Tuesday 19 November 2019

The Firemen (SNES review)

Developer: Human Entertainment
Publisher: Human Entertainment
Released: 1995

The Firemen is a top-down action game that was only released in Europe and Japan.

A high-tech factory carrying the explosive chemical MDL has caught fire and it's up to you and your team to save the trapped workers and put out the spreading blaze. Control wise, the Y button fires a straight spray of water, B fires downwards, while X uses one of your limited extinguishing bombs that destroys flames in the surrounding area. The action could easily have become repetitive, but it does a great job of keeping you engaged by throwing in cut-scenes to tie the story together. It also slowly introduces new fire patterns and environmental hazards, forcing you to strategise and multitask. The level design is top-notch too due to its varied scenery and interesting floor layouts, and the responsive controls give you fluid 360° motion of your hose, reminding me of Simon Belmont's whip in Super Castlevania IV (1991, SNES). I also like how each stage seamlessly transitions into the next one (fully immersing you in the epic mission at hand) and the timer is fair, adding extra intensity to each stage. Your CPU teammate is usually helpful, but is annoyingly vacant when it comes to boss fights! These bosses are expertly designed with cool patterns and huge sprites in narrow quarters that make you use every trick in your arsenal! The game is short with only six stages, but it does have some replayability if you take on the extra challenge of clearing 100% of the fire in each one. This is surprisingly addictive, in large part thanks to the emotive story that hooks you into wanting to protect the trapped workers. However, the game's obvious and glaring omission is the lack of a two-player co-op mode.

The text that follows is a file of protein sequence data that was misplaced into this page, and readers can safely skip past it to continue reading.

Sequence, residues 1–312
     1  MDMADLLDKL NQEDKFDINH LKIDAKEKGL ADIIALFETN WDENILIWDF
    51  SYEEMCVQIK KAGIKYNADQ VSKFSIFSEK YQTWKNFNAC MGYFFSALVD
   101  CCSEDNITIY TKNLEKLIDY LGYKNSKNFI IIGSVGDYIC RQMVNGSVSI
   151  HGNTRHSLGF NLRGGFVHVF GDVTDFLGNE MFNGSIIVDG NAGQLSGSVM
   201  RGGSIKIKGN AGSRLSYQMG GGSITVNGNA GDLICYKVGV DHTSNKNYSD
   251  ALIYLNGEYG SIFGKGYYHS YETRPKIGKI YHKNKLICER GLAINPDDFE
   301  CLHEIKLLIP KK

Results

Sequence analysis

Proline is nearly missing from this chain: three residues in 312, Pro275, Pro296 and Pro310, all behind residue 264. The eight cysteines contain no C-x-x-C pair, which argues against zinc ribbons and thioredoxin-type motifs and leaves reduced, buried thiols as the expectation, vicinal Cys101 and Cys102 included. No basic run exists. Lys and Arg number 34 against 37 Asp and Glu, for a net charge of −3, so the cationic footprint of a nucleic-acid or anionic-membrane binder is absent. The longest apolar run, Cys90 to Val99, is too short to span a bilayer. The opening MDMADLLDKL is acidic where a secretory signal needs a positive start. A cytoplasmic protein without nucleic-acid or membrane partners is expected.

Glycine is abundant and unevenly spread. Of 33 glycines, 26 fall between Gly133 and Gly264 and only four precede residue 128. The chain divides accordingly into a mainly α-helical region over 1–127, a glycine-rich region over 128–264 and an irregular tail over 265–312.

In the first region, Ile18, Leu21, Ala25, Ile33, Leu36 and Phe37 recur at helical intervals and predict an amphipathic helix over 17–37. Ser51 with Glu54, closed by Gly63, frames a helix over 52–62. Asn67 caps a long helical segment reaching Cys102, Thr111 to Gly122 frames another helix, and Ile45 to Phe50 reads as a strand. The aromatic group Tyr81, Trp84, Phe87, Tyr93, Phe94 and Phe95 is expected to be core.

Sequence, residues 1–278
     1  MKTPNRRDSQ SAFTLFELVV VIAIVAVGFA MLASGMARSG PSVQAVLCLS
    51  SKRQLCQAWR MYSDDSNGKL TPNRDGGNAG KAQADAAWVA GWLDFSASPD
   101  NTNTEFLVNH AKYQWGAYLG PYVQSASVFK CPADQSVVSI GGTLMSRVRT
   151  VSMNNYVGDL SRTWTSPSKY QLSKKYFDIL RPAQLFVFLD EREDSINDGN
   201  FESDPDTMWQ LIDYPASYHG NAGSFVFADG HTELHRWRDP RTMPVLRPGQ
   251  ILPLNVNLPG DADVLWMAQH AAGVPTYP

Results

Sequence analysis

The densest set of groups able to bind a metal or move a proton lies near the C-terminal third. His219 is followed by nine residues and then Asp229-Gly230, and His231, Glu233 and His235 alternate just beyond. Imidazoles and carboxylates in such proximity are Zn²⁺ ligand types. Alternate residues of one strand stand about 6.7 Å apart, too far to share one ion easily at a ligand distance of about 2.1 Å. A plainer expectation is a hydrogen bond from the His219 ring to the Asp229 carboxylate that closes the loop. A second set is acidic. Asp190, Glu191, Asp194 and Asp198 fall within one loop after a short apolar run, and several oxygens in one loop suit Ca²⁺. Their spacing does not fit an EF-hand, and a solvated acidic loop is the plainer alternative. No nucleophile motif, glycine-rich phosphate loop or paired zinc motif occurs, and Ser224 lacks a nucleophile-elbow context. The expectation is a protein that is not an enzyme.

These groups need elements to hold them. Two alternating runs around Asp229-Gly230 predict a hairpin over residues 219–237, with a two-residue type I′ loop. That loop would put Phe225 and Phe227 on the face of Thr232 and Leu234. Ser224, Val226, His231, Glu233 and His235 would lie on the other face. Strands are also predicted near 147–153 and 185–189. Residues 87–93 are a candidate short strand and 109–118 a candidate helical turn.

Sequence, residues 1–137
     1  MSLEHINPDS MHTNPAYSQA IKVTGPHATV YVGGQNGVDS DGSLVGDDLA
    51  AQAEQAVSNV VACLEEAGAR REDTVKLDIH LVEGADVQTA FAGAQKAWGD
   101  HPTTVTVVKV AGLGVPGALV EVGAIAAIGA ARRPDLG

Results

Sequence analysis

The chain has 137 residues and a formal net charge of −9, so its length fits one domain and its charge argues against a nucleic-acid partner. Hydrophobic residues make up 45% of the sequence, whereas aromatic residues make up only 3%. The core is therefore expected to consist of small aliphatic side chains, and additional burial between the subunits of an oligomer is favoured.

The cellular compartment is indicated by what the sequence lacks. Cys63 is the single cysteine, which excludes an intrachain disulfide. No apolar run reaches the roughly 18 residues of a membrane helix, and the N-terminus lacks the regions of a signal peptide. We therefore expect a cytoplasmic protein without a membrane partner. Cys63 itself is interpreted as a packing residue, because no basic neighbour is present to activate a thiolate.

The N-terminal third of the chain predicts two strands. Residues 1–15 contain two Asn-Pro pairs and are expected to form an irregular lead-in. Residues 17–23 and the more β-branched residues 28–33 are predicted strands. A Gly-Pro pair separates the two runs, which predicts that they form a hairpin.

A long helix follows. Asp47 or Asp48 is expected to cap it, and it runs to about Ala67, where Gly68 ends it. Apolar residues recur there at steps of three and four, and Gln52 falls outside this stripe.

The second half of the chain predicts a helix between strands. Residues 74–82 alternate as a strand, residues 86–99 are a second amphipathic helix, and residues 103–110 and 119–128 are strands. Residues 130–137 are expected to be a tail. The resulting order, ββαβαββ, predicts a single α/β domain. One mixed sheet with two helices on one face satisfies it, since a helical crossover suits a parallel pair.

The Firemen is a terrific title with great controls, interesting level design, a compelling story and gameplay that could almost be described as a shoot-em-up in disguise. While it is a shame that there's no multiplayer option, what's here is still highly enjoyable and there's plenty of variety throughout to keep you invested.

Random trivia: A prototype of the cancelled U.S. Super Nintendo version is available online and includes a few script differences.

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